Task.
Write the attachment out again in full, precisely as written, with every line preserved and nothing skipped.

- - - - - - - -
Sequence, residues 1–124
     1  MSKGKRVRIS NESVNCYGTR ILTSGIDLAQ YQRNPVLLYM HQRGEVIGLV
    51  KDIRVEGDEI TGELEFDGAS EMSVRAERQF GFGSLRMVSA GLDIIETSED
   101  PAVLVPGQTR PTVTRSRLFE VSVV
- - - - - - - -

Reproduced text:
Sequence, residues 1–124
     1  MSKGKRVRIS NESVNCYGTR ILTSGIDLAQ YQRNPVLLYM HQRGEVIGLV
    51  KDIRVEGDEI TGELEFDGAS EMSVRAERQF GFGSLRMVSA GLDIIETSED
   101  PAVLVPGQTR PTVTRSRLFE VSVV